Hwang Junguan’s One Hundred Shadows, a Korean novel originally published in 2010 and translated by Jung Yewon, is the second title from Tilted Axis Press. The novel has a fairy-tale quality to it, beginning with a young woman wandering lost in the woods:
“I saw a shadow in the woods. I didn’t know it was a shadow at first. I saw it slip through a thicket and followed it in, wondering if there was a path, and thinking how familiar it looked. The woods grew more dense the deeper in I went, but I kept on going deeper and deeper because the deeper I went, the more the shadow drew me in.”
The repetition (woods twice, shadow three times, deeper four) is typical of the novel’s style, creating a hypnotic simplicity. The narrator, Eunygo, has been drawn into the woods chasing her own shadow. Only the intervention of her friend, Mujae, (perhaps) saves her. As they attempt to find their way out of the woods, he tells her the story of (perhaps) his father, who also saw his shadow “rise”:
“If you spot someone who looks like you, it’s your shadow, and once your shadow rises it’s over for you, because shadows are very persistent, because you can’t bear not to follow your shadow once it’s risen. And then, looking like a ghost, he died.”
Mujae links the rising of his father’s shadow with his father falling into debt, and throughout the novel this phenomenon is connected to poverty and hopelessness. (As Mr Yeo says about his own shadow rising, “My life hasn’t exactly been plain sailing so it was inevitable really.”) All of the novel’s characters are poor, and if you are fearing that the novel exists in an entirely allegorical landscape, nothing could be further from the truth. Once free from the forest, Eunygo and Mujae are firmly located in the world of working class South Korea:
“I worked at an electronics market, a ramshackle warren of tiny shops close to the heart of the city… The market was where I first met Mujae. I manned the customer desk and ran errands at Mr Yeo’s repair shop, while Mujae was an apprentice at a transformer workshop.”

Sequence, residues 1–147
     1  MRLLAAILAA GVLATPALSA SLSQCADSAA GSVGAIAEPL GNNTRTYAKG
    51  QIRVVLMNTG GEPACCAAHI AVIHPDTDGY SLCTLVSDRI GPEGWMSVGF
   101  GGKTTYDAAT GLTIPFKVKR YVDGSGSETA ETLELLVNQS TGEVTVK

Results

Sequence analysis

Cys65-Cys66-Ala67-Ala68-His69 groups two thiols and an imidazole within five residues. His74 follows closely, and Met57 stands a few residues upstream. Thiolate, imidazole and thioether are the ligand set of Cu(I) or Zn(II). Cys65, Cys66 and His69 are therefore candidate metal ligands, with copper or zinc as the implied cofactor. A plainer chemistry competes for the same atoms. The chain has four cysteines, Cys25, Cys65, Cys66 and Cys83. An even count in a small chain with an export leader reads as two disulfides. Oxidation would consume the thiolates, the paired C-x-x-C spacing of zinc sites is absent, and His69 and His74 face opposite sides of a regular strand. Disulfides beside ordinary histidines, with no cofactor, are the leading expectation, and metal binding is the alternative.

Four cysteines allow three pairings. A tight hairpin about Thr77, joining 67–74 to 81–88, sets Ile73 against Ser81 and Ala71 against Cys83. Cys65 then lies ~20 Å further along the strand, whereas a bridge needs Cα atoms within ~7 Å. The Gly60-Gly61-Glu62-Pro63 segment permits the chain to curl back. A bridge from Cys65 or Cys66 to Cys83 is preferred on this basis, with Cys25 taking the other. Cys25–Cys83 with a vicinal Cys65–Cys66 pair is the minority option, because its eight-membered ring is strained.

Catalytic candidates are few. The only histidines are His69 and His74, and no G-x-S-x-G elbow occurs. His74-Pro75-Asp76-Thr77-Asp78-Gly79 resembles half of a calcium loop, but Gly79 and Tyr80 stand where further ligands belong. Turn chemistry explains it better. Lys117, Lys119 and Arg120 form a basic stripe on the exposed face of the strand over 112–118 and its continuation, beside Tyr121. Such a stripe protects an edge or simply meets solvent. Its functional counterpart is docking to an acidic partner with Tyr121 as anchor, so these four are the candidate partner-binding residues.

These businesses are threatened by the demolition of the buildings in which they are housed. The first of these is knocked down with great ceremony during the novel:
“As for the way the headlines were making it seem as though the entire market had been demolished rather than just one of the five buildings, Mr Yeo claimed that the intention was to ensure a smooth passage for the final demolition by killing off business in advance.”
This emphasises the impression we have of the novel’s characters living on the margins of society, regarded as old-fashioned and past any use, rather like the electronic equipment Mr Yeo repairs, or the bulbs sold at Omusa, no longer available anywhere else.
One Hundred Shadows is also a love story of sorts, but one which refuses to be hurried. Mujae freely admits his attraction towards Eunygo, though with rather understated phrases such as “I like you.” Eunygo is, it seems, keener to hide her feelings:
“Mujae asked me why I was sweating so much. The soup’s hot, I said…”
“Are you ill?
Your face is flushed.”
Intimate moments between them involve discussing the whorls of hair on their heads, and singing songs together. They also spend a lot of time eating. Some readers may find this gentle progression frustrating but I felt the fear of commitment an accurate reflection of their uncertain futures. The threatened separation from shadows also suggests a lack, an emptiness; it’s no surprise that when they open a matryoshka (Russian) doll together, the innermost doll gets crushed.
One Hundred Shadows proceeds like a dream, a strange combination of vivid naturalism and uncertain symbolism, and is all the better for it.